2

In our app, we have assignments. We create this by unioning two other tables with a due_date column: checklists and tasks. We want to order assignments by the due_dates. Right now, we are doing something like this:

select * from (
  select a.type, t.id, t.due_date from assignments a
    inner join tasks t on t.id = a.task_id
  where a.type = 'Task' and a.user_id = 'X'
  union
  select a.type, c.id, c.due_date from assignments a
    inner join checklists c on c.id = a.checklist_id
  where a.type = 'Checklist' and a.user_id 'X'
)
order by due_date desc
limit 20

Obviously, this goes very slow because it needs to generate all the task and checklist assignments (which can be in the 100000s) and then sort them and grab the top 20.

Adding an index doesn't help because the due_date field is in separate tables.

We looked at table inheritance, but it seems to just be syntactic sugar for unions, so doesn't really help.

Also, because there are so many assignments, it seems like materialized views wouldn't help because they'd have to be refreshed every 100ms or so.

What is a good way to optimize this type of query?

2

You might get improved performance by doing the following:

  • Use UNION ALL instead of UNION (as suggested by Thangamani Eraniyan).
  • Make sure both tables have an index on due_date (or with due_date as the first column, if there are more columns indexed).
  • Use the ORDER BY and the LIMIT 20 on the separate queries of the two tables, as well as on the final combined result. The individual queries do have to be subqueries; otherwise, we can't use ORDER BY on them.

The principle is to limit the number of records that need to be looked at in both individual tables. With an index on due_date in both tables, it should be able to find the most recent records quickly. We know that the top 20 records from both tables can't include more than 20 tasks or more than 20 checklists, so if we just grab the top 20 from each table, we've definitely got the top 20 form the combined tables. The final ORDER BY ... LIMIT simply drops out rows 21-40.

Try this; I tested the same basic query via db-fiddle, and it worked (so, barring any cut-and-paste errors combining that with your actual query, this should work as well).

SELECT type, id, due_date FROM 
   (SELECT a.type, t.id, t.due_date
      FROM assignments a
             INNER JOIN tasks t on t.id = a.task_id
     ORDER BY t.due_date ASC
     LIMIT 20) sq1
UNION ALL
SELECT type, id, due_date FROM 
   (SELECT a.type, c.id, c.due_date
      FROM assignments a
             INNER JOIN checklists c on c.id = a.checklist_id
     ORDER BY c.due_date DESC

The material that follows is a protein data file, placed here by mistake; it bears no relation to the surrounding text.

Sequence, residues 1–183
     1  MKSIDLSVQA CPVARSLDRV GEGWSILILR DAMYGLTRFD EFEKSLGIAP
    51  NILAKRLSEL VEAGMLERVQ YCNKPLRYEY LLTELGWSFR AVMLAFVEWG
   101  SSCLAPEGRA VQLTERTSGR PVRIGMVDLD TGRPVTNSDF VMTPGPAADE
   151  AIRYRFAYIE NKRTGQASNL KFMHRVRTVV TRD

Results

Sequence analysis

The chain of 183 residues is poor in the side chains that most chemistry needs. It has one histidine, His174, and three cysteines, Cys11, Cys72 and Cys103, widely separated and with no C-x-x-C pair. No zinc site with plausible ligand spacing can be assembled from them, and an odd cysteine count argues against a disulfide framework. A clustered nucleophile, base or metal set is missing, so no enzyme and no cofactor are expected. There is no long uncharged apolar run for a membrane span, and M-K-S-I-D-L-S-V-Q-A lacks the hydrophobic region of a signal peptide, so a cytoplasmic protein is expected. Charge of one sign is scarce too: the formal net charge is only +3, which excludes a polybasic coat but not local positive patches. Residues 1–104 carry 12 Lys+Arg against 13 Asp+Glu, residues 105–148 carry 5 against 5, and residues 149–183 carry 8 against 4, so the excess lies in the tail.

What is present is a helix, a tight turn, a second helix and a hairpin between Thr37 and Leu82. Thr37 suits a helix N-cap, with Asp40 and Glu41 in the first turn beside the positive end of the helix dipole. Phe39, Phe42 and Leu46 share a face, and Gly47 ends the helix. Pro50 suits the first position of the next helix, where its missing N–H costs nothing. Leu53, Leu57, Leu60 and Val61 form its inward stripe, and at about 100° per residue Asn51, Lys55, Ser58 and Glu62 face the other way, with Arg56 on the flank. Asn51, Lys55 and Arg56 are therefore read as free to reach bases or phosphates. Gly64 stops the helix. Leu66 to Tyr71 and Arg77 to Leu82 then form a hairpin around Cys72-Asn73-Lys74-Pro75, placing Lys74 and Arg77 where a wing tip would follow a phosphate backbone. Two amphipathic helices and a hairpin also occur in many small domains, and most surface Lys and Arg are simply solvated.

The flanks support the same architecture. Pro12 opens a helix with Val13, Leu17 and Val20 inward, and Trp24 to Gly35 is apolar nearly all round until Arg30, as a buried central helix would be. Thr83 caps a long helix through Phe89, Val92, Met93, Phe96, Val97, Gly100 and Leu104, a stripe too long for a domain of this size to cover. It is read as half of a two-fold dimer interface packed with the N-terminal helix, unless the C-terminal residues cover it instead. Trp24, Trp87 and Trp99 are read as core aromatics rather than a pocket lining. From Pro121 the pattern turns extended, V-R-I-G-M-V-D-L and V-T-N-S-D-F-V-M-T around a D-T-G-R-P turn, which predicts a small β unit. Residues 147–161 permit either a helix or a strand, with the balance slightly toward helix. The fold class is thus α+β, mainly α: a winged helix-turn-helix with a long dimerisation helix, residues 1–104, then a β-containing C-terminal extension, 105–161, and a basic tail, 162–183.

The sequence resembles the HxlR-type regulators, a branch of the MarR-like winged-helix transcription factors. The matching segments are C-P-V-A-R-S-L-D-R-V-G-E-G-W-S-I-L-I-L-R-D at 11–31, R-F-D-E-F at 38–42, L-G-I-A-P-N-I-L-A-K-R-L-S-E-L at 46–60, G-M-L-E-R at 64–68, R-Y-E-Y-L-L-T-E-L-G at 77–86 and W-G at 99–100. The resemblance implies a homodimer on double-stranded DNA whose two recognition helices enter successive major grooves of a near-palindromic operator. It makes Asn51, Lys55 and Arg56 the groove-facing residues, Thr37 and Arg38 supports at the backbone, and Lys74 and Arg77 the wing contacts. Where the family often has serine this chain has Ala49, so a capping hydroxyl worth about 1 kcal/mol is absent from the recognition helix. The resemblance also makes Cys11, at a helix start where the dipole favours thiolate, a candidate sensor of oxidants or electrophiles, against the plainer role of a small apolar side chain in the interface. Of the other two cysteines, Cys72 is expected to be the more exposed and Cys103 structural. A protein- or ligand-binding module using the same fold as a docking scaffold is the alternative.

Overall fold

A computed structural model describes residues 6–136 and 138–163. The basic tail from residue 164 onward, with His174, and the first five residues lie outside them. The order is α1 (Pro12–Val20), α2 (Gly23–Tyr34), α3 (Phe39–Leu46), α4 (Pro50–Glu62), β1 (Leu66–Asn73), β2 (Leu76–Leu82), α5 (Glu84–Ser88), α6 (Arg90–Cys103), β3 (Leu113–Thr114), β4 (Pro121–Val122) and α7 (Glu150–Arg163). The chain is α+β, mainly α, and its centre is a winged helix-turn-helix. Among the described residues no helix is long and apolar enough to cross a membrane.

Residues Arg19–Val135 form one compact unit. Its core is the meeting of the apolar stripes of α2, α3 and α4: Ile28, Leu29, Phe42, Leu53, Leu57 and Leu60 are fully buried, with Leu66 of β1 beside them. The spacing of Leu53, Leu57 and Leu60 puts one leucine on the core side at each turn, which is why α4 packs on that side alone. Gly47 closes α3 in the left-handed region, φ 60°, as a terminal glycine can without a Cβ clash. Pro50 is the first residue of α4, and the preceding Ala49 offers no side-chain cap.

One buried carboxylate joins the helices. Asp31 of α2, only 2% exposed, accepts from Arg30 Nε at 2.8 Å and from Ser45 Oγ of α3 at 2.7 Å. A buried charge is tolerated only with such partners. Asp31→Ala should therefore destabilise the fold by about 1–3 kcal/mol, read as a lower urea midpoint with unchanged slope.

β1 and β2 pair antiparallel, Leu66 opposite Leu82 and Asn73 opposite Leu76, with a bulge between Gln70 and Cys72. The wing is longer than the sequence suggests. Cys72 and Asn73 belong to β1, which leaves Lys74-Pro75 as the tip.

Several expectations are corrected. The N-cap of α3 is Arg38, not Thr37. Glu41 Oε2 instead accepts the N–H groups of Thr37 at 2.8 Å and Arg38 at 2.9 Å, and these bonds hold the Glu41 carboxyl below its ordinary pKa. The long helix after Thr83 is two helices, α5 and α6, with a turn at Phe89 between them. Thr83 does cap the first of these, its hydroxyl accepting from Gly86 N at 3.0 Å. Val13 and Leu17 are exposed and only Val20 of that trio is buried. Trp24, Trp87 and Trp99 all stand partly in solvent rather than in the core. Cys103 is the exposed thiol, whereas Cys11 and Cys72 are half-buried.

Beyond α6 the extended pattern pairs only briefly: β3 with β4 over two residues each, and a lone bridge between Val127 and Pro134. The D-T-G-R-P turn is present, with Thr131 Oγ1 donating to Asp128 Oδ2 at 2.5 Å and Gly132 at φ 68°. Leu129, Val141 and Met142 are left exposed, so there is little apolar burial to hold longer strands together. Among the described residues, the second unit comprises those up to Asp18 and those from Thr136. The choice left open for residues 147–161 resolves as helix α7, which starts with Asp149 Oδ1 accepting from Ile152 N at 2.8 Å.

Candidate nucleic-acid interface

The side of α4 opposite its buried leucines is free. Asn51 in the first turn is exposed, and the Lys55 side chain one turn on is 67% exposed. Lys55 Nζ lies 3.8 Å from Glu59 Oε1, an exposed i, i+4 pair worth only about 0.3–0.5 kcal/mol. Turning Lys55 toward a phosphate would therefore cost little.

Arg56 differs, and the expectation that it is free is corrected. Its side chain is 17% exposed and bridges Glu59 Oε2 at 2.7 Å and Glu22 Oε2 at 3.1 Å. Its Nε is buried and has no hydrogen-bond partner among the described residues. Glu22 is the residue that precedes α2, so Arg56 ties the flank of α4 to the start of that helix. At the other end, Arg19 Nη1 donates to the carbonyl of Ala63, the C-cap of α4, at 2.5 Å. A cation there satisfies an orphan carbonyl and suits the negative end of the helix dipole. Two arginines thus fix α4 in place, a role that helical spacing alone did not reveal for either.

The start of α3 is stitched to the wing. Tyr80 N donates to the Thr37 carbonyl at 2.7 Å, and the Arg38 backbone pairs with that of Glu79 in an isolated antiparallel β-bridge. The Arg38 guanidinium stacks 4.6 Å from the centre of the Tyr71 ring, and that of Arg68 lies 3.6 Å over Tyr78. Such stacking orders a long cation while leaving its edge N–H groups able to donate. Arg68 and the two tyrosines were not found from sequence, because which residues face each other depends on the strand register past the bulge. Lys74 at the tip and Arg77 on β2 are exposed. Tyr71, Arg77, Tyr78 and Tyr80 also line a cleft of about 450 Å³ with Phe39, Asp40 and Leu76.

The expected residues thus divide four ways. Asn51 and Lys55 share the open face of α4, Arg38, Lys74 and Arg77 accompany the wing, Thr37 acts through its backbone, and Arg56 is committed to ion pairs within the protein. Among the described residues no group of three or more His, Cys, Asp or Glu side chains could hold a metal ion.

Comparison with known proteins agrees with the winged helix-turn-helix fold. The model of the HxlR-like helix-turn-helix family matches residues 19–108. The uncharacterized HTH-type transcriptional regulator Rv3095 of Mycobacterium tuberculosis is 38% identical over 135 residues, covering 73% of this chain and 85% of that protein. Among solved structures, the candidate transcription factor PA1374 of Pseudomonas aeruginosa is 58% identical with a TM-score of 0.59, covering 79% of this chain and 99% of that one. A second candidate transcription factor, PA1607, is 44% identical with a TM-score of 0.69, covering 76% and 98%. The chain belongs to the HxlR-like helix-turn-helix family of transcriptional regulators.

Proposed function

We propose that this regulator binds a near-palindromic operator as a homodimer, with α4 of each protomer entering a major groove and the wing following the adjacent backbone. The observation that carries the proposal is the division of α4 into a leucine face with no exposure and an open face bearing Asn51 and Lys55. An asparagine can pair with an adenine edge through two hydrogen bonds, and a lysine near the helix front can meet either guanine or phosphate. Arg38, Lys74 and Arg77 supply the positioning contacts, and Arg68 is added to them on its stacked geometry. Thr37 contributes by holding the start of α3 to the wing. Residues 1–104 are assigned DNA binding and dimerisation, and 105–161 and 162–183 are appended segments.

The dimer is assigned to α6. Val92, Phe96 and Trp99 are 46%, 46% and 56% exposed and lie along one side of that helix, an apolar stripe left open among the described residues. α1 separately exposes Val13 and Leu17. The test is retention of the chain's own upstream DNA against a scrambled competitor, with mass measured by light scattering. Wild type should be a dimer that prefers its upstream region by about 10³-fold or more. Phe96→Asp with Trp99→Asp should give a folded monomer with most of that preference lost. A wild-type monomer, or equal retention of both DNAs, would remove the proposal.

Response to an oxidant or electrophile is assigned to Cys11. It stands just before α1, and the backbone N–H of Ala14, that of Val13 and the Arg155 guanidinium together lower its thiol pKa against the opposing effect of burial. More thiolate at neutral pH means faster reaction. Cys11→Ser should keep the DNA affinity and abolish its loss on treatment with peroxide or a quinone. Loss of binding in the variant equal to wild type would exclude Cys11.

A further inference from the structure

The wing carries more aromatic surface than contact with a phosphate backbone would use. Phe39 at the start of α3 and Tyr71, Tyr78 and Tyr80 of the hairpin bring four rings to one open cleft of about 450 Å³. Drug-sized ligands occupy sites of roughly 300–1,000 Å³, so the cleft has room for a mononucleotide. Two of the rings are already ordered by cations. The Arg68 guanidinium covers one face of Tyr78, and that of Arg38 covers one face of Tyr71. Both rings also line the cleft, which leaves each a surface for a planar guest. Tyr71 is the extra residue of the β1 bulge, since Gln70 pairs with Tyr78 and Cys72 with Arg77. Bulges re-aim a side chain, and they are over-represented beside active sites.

LIMIT 20) sq2
 ORDER BY due_date ASC
 LIMIT 20;
  • I think Pg is smart enough to handle the LIMITs, this may actually slow it down. But, we'd have to see on the ops dataset. – Evan Carroll Dec 1 '17 at 21:21
  • The issue with setting a limit on a subqueries, is that there is no way to figure out the offset for deeper pages. – Shurik Agulyansky Dec 1 '17 at 22:56
  • @ShurikAgulyansky the question doesn't say anything about offsets. But you can use this method (although it may be slow for high offsets). If one want OFFSET x LIMIT n, they can so LIMIT x+n in the subqueries and OFFSET x LIMIT n in the main query. – ypercubeᵀᴹ Dec 1 '17 at 23:36
  • @ypercubeᵀᴹ This way of offset calculating is not going to work, because after the first page was retrieved you don't know where is was retrieved from. – Shurik Agulyansky Dec 1 '17 at 23:39
  • @ShurikAgulyansky I don't follow. What do you mean with "where it was retrieved"? – ypercubeᵀᴹ Dec 2 '17 at 0:48
1

Here two things that can be help to improve:

  • Instead of UNION, you can use UNION ALL (since you are using different criteria, always record will be different from each other) to avoid unique comparison from Oracle side.
  • Also, you don't need the subquery to do ORDER BY; it automatically applies to the results of the UNION ALL (or UNION).

I hope it may help you.

select a.type, t.id, t.due_date from assignments a
    inner join tasks t on t.id = a.task_id
  where a.type = 'Task' and a.user_id = 'X'
  union all
  select a.type, c.id, c.due_date from assignments a
    inner join checklists c on c.id = a.checklist_id
  where a.type = 'Checklist' and a.user_id = 'X'
  order BY  due_date desc
limit 20

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